Meng Hongwei, the former head of Interpol, has been expelled from China’s Communist Party and sacked from official positions.

The decision was announced by the country’s anti-corruption watchdog on Wednesday.

Meng, who served as the vice-minister of public security, vanished last September during a visit to China from France and was later accused of accepting bribes.

“Meng Hongwei has no party principles … does not report personal matters in accordance with regulations … and refuses to implement the decision of the Party Central Committee,” the Central Commission for Discipline Inspection said in a statement.

He also used state assets to support his family’s lavish lifestyle while abusing his position, the CCDI stated, adding that he “illegally accepted huge amounts of property from others.”

“Meng Hongwei seriously violated the party’s political discipline and political rules … seriously tarnished the party’s image, seriously damaged national interest … and should be seriously dealt with,” the statement added.

The case has been handed over to the state prosecutor’s office, and his “illegal income” has been confiscated.

Meng, the first Chinese chief of Interpol, had risen through the ranks of the country’s feared security apparatus.

He had a 14-year career overseeing various top public security bureaux in China, including the country’s armed police force.

As vice-security minister, Meng had been entrusted with a number of sensitive portfolios, including the country’s counter-terrorism division, and was in charge of the response to violence in the country’s fractious northwestern region of Xinjiang.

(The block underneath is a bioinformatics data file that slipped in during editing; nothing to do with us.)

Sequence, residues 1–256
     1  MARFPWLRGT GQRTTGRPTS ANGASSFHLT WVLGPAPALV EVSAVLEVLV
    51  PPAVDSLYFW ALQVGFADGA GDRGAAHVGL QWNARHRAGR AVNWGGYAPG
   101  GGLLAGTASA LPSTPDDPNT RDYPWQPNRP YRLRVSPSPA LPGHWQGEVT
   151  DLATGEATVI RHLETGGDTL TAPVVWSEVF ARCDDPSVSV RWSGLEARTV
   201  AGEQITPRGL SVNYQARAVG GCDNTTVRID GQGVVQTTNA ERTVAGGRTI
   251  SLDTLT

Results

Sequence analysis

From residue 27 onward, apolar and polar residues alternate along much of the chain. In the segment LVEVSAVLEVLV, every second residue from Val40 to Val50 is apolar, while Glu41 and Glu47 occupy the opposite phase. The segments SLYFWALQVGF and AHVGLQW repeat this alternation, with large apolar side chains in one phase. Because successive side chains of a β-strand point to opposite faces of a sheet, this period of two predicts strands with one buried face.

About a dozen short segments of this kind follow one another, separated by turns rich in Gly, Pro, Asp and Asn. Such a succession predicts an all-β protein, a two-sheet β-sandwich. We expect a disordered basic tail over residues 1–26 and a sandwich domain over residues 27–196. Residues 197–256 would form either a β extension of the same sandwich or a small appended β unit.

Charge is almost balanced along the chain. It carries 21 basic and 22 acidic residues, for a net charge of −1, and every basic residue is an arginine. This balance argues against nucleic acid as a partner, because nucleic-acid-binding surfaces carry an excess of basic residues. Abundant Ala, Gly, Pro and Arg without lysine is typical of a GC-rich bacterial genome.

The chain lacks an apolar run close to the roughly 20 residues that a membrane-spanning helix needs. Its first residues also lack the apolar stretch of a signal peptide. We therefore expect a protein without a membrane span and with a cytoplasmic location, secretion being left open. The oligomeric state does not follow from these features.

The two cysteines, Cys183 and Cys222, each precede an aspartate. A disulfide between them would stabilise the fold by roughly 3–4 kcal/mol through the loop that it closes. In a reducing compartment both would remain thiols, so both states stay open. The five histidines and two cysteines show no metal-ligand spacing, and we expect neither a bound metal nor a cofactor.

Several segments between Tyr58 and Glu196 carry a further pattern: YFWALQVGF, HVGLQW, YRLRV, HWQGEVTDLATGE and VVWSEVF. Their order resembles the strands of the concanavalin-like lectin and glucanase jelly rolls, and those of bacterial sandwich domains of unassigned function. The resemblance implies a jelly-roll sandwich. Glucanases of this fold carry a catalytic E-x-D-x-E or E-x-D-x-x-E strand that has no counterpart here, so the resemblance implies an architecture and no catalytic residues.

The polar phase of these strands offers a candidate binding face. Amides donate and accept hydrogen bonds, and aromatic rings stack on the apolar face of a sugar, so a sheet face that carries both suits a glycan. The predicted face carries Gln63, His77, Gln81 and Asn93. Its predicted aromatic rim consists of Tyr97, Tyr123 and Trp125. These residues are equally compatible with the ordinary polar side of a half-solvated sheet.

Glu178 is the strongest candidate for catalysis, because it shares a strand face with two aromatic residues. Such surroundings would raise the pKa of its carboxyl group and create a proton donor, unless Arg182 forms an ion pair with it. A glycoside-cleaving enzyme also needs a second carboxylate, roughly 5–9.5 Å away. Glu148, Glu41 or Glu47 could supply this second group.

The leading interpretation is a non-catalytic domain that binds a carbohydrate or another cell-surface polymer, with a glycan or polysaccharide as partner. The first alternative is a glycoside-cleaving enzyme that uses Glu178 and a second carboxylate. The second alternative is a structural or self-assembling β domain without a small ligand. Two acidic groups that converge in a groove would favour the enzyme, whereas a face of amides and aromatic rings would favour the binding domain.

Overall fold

News of Meng’s sacking came just a day after the country’s former head of internet censorship, Lu Wei, was sentenced to 14 years in prison for bribery.

Meng and Lu are part of a growing group of Communist Party cadres caught in President Xi Jinping’s anti-graft campaign, which critics claim has served as a way to remove his political enemies.

In October, the country’s public security bureau linked Meng’s detention to a broader initiative to “completely remove the pernicious influence” of Zhou Yongkang, a former security tsar, who was sentenced to life in prison in 2015 for bribery, abuse of power and leaking state secrets.

So far, more than one million officials have been punished during Xi’s six-year presidential reign.

Last week, Meng’s wife Grace urged French President Emmanuel Macron to discuss her husband’s case with Xi during his official visit to Paris, which ended on Tuesday.

In her written appeal, she demanded that her husband should be allowed to receive visits from his lawyers.

Since her husband’s arrest, she has remained in Lyon, where Interpol’s headquarters is based, under French police protection. She has also applied for asylum in France and said she fears for her life and that of her twin sons.

– reporting by AFP